The 15th Tactical Reconnaissance Squadron, Photo-jet, was reactivated on Feb 5, 1951, in Japan and immediately deployed to Korea to provide visual and photographic reconnaissance, the unit flew F/RF-80s and F/RF-85s during this period. In March 1954 the unit moved back to Japan and in August 1956, moved to Okinawa, the unit transitioned to RF-84s from 1956-1958 and then to the RF-101s, continuing its long history of photographic reconnaissance. During the Vietnam era the 15th Tactical Reconnaissance Squadron was based at Kadena Air Base, Okinawa, flying the RF-101C, the unit had many deployments to Southeast Asia, flying reconnaissance missions in support of US combat operations in that theatre. During the summer and fall of 1966, the squadron transitioned to the RF-4C, the aircraft that it was to operate for the next 25 years.

In January 1968 the squadron deployed from Kadena AB Okinawa to Osan AB Korea in support of Operation Combat Fox, flying recon missions over North Korea during the Pueblo crisis under extremely harsh winter conditions that disabled many of the squadron's aircraft, reducing squadron strength to as low as six aircraft at one point. One aircraft was lost on mission during this period. A second aircraft was lost in an accident after the squadron moved to Itazuke AB, Japan.

During the 1970s and 1980s, the squadron maintained aerial surveillance capabilities in support of American ground, naval and air forces in the Far East, the 15th Tactical Reconnaissance Squadron was inactivated Oct. 1, 1990. The unit was reactivated as the 15th Tactical Intelligence Squadron on Feb. 20, 1991. On April 13, 1992, the unit was redesignated as the 15th Air Intelligence Squadron, on June 1, 1994, it was once more inactivated.

The unit was reactivated on 1 August 1997, at Indian Springs Air Force Auxiliary Field under command of the 57th Operations Group, 57th Wing. It was assigned to fly the Predator UAV out of Indian Springs Air Force Auxiliary Field, Nevada.

From July 2005 to June 2006, the 15th Reconnaissance Squadron participated in more than 242 separate raids; engaged 132 troops in contact-force protection actions; fired 59 Hellfire missiles; surveyed 18,490 targets; escorted four convoys; and flew 2,073 sorties for more than 33,833 flying hours.[2]

Starting in 2005, the unit trained California Air National Guard's 163d Reconnaissance Wing members to operate the MQ-1, the 163d is being retasked as an MQ-1 unit. In May 2016, the squadron was redesignated the 15th Attack Squadron.[3]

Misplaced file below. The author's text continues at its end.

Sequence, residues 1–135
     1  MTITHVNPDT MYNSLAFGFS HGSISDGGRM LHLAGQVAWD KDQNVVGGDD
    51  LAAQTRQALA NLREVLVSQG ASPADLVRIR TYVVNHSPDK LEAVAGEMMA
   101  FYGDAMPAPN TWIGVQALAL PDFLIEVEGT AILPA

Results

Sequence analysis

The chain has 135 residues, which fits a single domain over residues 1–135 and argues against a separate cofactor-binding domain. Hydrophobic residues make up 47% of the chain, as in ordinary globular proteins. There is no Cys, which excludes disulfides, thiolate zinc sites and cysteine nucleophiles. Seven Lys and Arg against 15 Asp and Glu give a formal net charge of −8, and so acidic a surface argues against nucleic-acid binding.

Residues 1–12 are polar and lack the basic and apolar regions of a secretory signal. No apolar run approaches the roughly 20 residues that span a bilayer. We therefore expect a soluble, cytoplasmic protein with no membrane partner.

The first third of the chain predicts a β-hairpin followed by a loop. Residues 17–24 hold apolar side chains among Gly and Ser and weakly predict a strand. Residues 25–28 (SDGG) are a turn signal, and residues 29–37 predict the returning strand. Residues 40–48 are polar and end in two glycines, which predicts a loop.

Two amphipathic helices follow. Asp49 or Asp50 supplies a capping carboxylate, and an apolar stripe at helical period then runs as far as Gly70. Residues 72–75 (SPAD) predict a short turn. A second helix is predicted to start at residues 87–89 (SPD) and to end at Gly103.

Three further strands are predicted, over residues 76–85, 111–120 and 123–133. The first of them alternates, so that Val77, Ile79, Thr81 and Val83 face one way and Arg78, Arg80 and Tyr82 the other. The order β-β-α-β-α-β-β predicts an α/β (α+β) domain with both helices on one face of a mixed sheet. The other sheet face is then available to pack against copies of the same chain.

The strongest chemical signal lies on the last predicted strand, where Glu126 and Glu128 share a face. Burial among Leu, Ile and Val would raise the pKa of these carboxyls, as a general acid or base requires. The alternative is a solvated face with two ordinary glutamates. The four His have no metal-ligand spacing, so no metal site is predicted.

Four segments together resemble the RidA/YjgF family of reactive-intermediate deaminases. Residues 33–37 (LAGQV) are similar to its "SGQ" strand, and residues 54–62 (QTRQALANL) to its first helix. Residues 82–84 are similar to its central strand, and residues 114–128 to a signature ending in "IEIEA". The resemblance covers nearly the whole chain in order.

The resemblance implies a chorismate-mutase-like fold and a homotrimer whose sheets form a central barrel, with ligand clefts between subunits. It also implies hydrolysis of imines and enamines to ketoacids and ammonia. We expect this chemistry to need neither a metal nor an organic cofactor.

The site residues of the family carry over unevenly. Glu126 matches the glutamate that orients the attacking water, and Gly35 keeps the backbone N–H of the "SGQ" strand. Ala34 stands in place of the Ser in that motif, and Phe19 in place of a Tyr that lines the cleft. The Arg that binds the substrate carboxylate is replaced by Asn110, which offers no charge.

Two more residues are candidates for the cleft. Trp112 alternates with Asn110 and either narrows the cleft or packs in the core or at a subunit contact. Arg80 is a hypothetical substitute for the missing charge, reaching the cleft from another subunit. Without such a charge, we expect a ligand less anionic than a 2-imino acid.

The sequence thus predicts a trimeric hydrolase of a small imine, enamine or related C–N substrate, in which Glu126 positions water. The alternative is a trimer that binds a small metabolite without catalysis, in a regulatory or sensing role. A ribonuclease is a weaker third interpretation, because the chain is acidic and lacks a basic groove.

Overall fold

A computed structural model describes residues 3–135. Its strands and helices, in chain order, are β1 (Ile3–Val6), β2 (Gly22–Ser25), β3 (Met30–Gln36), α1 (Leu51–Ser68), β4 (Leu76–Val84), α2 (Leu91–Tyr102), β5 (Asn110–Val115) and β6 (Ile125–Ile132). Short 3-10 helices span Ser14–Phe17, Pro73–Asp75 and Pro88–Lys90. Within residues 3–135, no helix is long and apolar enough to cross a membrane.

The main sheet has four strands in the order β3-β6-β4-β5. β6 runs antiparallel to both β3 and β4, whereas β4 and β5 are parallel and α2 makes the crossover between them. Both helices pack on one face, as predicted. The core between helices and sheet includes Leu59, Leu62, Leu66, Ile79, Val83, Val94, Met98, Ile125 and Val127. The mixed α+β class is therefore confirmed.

• Organized as 2d Aviation School Squadron on 9 May 1917
Redesignated 15th Aero Squadron on 22 Aug 1917
Demobilized on 18 Sep 1919
  • Reconstituted, and consolidated (1924) with 15th Squadron (Observation)
Authorized on 30 Aug 1921
Organized on 21 Sep 1921
Redesignated 15th Observation Squadron on 25 Jan 1923
Inactivated on 1 Aug 1927
  • Activated on 15 May 1928
Redesignated: 15th Observation Squadron (Medium) on 13 Jan 1942
Redesignated: 15th Observation Squadron on 4 Jul 1942
Redesignated: 15th Reconnaissance Squadron (Fighter) on 2 Apr 1943
Redesignated: 15th Tactical Reconnaissance Squadron on 11 Aug 1943
Inactivated on 31 Mar 1946
  • Activated on 3 Dec 1947
Inactivated on 1 Apr 1949
  • Redesignated 15th Tactical Reconnaissance Squadron, Photo-Jet on 5 Feb 1951
Activated on 25 Feb 1951
  • Redesignated 15th Tactical Reconnaissance Squadron on 8 Oct 1966
Inactivated on 1 Oct 1990
  • Redesignated 15th Tactical Intelligence Squadron on 20 Feb 1991
Activated on 15 Mar 1991
Redesignated 15th Air Intelligence Squadron on 13 Apr 1992
Inactivated on 1 Jun 1994
  • Redesignated 15th Reconnaissance Squadron on 31 Jul 1997
Activated on 1 Aug 1997.
  • Redesignated 15th Attack Squadron on 15 May 2016[3]


  • Unknown, 1917–1919 (but possibly Aeronautical [later, Air] Division, Signal Corps, 9 May 1917
  • Training Section, Department of Military Aeronautics, Signal Corps, 24 Apr 1918
  • Operations Section, Department of Military Aeronautics, Signal Corps, 9 Jul 1918
  • Training and Operations Group, Air Service, 29 Jan-18 Sep 1919
  • Sixth Corps Area, 21 Sep 1921
  • 6th Division, Air Service, 24 Mar 1923
Attached to Sixth Corps Area, 24 Mar 1923 – Jun 1927
  • Sixth Corps Area, Jun-1 Aug 1927